A Day on the Water: Spring Trout Fishing Continues in April

Since this column was written, I’ve been in the creeks catching trout while using techniques touted here, including this 24-inch, nearly 5-pound trout on a Rapala Skitterwalk water plug. Photo: Gordon Churchill

So you have your new rod, complete with a shiny new reel spooled with spotless 10lb braid and a beautiful Mirrolure. Now what?

I assume you have a boat. The great thing about speckled trout fishing is that you don’t need an $80,000 boat with all the new daddy doos and bells and whistles. If you have one of those water Range Rovers, that’s fine too. Every little thing helps find fish, and the comfort of a beautiful boat makes a full day on the water more enjoyable. A small skiff with a trolling motor is enough to get started.

Launch the boat into a cove off a major river system, then head to a sheltered spot along the shore. In the spring we are looking for water that might be a bit warmer than the surrounding area. If there are trees, a high shoreline, high cordgrass, or even a marina, start there. Anything that will block the wind a bit. These more sheltered areas are where the trout will be in the spring.

Related: March means the return of trout fishing to North Carolina waters

Lower your trolling motor and adjust your speed so you’re barely making progress. This will allow you to cover the entire area and also move your grip effectively. If you have been bass fishing it will be similar. What will be different though is that you don’t roll to the bank all the time. Yes, cast to shore just to make sure, but most of your cast will be parallel or nearly parallel to the shore.

Keep an eye out for leaping minnows. When a trout catches prey at the surface, it makes a sound similar to a cork jumping. Don’t be fooled by little mules jumping for no apparent reason. They do it all the time. You will actually hear their tail splashing when they come down. It’s a pretty casual thing. But when chased, they come out quickly and quickly scatter. If the trout catches up, the pop sound will be how you know it was a successful chase. Quickly launch yourself to this location.

It’s quite wild really, but the trout are super greedy. After taking one meal, they quickly search for the next one. If your lure happens to be the next thing they see, you’ll have a bite to eat. You get your cast in front of that trout feeding and you start your recovery, Twitch, twitch, pause, tap, set! You must be there on tap.

Many new trout anglers don’t know how sweet this tap can be. When your lure stops, they swim up to it, spread their gills and it enters directly. Since there aren’t many larger predators in these coves, they don’t need to move immediately to get away.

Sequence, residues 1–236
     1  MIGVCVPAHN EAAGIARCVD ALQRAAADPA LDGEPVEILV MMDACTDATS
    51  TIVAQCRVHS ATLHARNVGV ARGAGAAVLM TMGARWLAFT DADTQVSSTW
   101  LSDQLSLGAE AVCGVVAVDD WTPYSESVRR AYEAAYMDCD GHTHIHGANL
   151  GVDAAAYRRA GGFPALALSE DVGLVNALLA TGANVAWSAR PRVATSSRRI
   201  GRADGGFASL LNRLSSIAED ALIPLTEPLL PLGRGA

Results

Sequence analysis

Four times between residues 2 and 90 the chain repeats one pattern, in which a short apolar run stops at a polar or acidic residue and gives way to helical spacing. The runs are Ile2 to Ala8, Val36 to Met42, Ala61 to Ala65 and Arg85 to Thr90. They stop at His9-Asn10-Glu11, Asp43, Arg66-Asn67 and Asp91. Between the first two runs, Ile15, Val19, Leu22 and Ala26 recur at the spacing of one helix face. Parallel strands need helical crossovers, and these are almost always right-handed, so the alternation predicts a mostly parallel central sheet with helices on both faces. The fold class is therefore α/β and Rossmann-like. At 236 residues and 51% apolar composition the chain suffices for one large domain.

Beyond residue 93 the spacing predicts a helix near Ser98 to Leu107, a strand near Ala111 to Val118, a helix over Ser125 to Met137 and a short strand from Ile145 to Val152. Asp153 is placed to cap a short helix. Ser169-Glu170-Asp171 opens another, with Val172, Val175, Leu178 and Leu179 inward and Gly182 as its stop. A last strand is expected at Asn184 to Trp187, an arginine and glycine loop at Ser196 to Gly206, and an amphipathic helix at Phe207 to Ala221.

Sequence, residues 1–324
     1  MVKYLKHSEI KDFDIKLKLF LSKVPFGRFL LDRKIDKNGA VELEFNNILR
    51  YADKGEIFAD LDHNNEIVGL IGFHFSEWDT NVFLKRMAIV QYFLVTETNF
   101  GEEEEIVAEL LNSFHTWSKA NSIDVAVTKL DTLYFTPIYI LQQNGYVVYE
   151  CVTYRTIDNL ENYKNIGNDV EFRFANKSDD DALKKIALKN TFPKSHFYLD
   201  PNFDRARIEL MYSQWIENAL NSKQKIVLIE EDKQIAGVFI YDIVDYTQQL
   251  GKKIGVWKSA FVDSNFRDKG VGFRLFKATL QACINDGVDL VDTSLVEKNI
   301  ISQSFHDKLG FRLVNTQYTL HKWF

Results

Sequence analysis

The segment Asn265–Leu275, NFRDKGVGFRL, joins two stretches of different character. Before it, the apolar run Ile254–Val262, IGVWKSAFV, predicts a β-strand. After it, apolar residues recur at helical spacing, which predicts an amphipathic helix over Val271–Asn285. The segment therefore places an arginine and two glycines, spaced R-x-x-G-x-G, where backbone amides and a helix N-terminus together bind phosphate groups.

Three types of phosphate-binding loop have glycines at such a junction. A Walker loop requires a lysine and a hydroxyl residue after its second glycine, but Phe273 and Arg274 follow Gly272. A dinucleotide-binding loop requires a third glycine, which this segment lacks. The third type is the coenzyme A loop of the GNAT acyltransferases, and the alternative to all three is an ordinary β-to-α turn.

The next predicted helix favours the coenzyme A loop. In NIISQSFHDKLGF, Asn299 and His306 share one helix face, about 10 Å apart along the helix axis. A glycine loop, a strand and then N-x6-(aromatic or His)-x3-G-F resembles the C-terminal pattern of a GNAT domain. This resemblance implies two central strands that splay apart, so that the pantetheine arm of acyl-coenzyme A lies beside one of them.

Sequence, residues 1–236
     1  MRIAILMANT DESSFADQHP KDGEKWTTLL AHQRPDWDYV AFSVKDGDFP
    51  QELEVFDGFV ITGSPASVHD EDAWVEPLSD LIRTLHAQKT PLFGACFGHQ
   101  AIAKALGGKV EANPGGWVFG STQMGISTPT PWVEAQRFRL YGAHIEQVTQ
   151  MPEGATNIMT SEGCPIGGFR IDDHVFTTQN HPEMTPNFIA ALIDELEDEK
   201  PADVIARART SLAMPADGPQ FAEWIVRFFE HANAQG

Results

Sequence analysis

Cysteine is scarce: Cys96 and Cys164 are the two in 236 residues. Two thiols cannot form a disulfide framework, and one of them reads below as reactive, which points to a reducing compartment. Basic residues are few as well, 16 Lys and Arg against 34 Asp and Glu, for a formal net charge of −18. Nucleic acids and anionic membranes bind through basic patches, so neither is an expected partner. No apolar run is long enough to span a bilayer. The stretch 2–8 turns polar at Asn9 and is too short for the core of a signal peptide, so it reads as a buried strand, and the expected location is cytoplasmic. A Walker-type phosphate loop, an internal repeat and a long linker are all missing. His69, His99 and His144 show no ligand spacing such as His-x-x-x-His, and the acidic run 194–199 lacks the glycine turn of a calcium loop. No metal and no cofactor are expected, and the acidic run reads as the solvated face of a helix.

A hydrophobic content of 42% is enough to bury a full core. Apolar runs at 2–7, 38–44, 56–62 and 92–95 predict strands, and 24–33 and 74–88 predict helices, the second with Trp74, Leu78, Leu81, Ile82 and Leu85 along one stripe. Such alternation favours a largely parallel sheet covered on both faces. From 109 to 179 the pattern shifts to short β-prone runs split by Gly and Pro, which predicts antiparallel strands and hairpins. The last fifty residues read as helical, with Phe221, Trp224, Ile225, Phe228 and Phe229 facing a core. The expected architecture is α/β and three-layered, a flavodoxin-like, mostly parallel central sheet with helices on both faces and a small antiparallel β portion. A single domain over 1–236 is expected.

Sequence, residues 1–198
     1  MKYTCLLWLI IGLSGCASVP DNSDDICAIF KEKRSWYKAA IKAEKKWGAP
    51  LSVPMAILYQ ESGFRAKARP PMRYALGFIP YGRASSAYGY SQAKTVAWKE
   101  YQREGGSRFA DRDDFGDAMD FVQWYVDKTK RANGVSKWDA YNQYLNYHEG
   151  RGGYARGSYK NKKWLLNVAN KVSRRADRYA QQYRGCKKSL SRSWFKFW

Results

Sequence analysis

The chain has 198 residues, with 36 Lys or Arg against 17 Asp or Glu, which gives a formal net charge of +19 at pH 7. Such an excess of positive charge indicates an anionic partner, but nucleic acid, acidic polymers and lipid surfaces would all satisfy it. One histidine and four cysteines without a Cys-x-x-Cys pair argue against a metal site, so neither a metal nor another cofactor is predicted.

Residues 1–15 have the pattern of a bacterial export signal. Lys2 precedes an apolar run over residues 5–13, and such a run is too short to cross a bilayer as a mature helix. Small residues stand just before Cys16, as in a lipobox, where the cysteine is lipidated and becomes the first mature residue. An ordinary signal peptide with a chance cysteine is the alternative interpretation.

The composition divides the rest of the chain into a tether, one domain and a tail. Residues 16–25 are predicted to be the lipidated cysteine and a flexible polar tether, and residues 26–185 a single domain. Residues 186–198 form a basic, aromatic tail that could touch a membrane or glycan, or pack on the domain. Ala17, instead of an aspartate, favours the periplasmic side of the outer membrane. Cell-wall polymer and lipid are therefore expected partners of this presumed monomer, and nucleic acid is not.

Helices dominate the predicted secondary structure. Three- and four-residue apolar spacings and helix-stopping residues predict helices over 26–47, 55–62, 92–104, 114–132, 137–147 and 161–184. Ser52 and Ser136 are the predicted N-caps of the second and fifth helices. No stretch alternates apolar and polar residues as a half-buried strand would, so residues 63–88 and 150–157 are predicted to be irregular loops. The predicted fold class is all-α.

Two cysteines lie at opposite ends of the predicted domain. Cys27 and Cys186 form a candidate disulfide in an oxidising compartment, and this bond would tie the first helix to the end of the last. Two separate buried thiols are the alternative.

The big lure associated with chasing many other saltwater fish will not always be there. A lot of fish are missed because the guys aren’t ready. If you are and get this set of hooks, now you need to play the fish effectively. You can’t just haul them like bass or rockfish. The brackets will just pop out.

These fish are shaking their heads like crazy. You need to keep a tight line without treating him like a bull at a rodeo. I prefer to keep my rod tilted to the side, especially on big fish. If they stick their heads out of the water and shake, well…you’ll probably be sad after that 4-pounder slips away.

When you finally get the big fish next to the boat, you’ll want to capture it. Trying to hoist a trout over 2 pounds onto the gunwale is like watching a gymnast barely land on the balance beam and watching her struggle to maintain balance but can’t quite pull it off . It will not work.

A beautiful 19 inch trout from a slow running coastal stream caught on a MirrOlure MR 17. Photo: Gordon Churchill
A beautiful 19 inch trout from a slow running coastal stream caught on a MirrOlure MR 17. Photo: Gordon Churchill

Get a quality net, preferably the type with the rubber net bag. That way your hooks won’t all get caught and you can get the fish out sooner, which becomes important if you’re going to release the fish. My recommendation is to release trout over 20 inches long. If you get one of the big girls, pull out the hooks, take your shot, and release her with love. Larger fish lay exponentially more eggs than smaller ones. If you get a 16-19 inch fish, let’s put it in the cooler for a fried fish. If your boat has a livewell you can just set it down and keep the fish alive all day and it will be as fresh as possible when you cook it that night. No well of life? It’s best to have a good sized cooler and fill it with enough ice to completely submerge the fish.